No one gives out medals for Olympics-related research. But that hasn’t stopped scholars from using the games as a springboard to study everything from terrorism to traffic patterns. Type the term “Olympic Games” into Google’s Scholar directory, and 57,300 entries come up. To commemorate this month’s Beijing Games, we present a few of the more interesting Olympics-related research papers of recent times.
Do athletes competing in Olympic events in their home countries have an advantage over their competitors from abroad? Several studies suggest the answer is yes. In their 2004 paper "Who Wins the Olympic Games?" in The Review of Economics and Statistics, Andrew Bernard of Dartmouth University and Meghan Busse of the University of California, Berkeley concluded the best predictor of Olympic performance is a nation’s total gross domestic product. But they added an intriguing caveat: “Host countries typically win by an additional 1.8 percent of the medals beyond what would be predicted by their GDP alone.”
A research team led by Nigel Balmer of John Moores University in Liverpool looked at this phenomenon in the February 2001 Journal of Sports Sciences. Examining Winter Olympics from 1908 to 1998, the scholars found “some evidence of home advantage” in figure skating, freestyle skiing, ski jumping, alpine skiing and short-track speed skating but “little or no” advantage in ice hockey, speed skating, bobsled or luge.
Being on intimate terms with nearby mountains is clearly a plus. The researchers reported that “familiarity with local conditions was shown to have some effect, particularly in Alpine skiing.” However, their most striking discovery was a matter of psychology rather than geography: “Significantly greater home advantage was observed in the subjectively assessed events.” In other words, the judges of, say, the figure-skating competition sometimes bump up the scores of host-country athletes — perhaps in reaction to the cheers of the crowd.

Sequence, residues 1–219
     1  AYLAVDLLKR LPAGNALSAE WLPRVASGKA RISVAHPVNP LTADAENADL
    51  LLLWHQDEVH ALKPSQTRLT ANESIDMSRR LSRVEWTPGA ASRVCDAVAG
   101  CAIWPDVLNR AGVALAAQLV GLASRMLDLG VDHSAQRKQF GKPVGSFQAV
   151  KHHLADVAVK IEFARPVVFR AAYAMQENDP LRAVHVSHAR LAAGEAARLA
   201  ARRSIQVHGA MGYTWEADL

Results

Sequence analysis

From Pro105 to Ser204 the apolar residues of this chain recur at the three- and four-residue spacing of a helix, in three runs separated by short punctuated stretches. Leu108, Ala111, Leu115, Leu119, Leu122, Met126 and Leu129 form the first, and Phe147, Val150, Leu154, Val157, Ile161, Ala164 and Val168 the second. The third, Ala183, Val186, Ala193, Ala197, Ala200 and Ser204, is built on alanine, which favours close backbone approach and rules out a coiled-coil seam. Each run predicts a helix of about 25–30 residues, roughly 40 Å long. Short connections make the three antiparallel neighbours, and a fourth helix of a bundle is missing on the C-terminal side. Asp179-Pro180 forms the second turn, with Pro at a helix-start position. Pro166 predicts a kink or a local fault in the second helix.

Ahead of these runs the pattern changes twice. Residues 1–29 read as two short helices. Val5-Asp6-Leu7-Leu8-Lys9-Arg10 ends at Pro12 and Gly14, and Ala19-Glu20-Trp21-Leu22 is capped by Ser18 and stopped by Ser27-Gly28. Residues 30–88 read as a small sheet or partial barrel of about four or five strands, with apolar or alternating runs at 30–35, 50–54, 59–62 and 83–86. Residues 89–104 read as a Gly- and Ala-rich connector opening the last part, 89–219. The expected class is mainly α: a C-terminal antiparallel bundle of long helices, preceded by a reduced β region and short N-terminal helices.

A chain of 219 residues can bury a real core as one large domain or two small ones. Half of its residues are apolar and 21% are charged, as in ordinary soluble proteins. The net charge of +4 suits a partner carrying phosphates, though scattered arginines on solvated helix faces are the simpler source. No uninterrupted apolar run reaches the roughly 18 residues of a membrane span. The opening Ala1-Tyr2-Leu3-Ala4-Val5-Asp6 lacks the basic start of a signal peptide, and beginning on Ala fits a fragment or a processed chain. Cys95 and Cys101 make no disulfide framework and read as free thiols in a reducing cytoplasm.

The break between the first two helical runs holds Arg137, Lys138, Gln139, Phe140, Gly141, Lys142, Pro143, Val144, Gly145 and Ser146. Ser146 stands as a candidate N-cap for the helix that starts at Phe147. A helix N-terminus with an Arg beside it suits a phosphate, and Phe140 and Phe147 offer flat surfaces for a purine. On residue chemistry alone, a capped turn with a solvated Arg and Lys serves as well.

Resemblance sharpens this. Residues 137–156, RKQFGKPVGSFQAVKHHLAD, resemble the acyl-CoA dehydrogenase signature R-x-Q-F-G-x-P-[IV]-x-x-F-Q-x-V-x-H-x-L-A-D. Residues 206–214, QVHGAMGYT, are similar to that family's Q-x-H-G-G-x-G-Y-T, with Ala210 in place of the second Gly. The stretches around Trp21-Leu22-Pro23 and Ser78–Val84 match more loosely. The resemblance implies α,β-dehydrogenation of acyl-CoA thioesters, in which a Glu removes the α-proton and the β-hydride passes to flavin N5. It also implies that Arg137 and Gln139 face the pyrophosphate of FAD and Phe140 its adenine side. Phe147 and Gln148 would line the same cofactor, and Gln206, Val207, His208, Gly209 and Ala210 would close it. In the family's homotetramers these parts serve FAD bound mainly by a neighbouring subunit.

We may or may not reach gender equality in society by the year 2156, but if Oxford’s Andrew Tatum and his colleagues are correct, that year’s Olympics will mark a major breakthrough for women. For the September 2004 issue of Nature, they created a graph plotting out the winning times in the 100-meter sprint over the past 100 years. They found women sprinters have been very gradually catching up with the men and concluded: “Should these trends continue, the projections will intersect at the 2156 Olympics, when — for the first time ever — the winning women’s 100-meter sprint time of 8.079 seconds will be lower than the men’s winning time of 8.098 seconds.” Reserve your tickets now.
Media Marvels at Male Muscles
A number of feminist scholars have studied media coverage of the Olympics as a snapshot that reveals ongoing sexism in society and the persistence of gender-based stereotypes. In the August 2002 issue of Mass Communication and Society, a team led by C.A. Tuggle of Florida International University analyzed NBC television’s coverage of the 2000 summer games. The researchers concluded that “women received proportionately less coverage than they did in 1996,” an Olympics widely touted as “the games of the woman.” Four years later, the focus was back on the guys. “As was the case in 1996,” they added, “women who competed in 2000 in sports involving power or hard physical contact received almost no attention.” (One suspects that would change if mud wrestling became an Olympic sport.)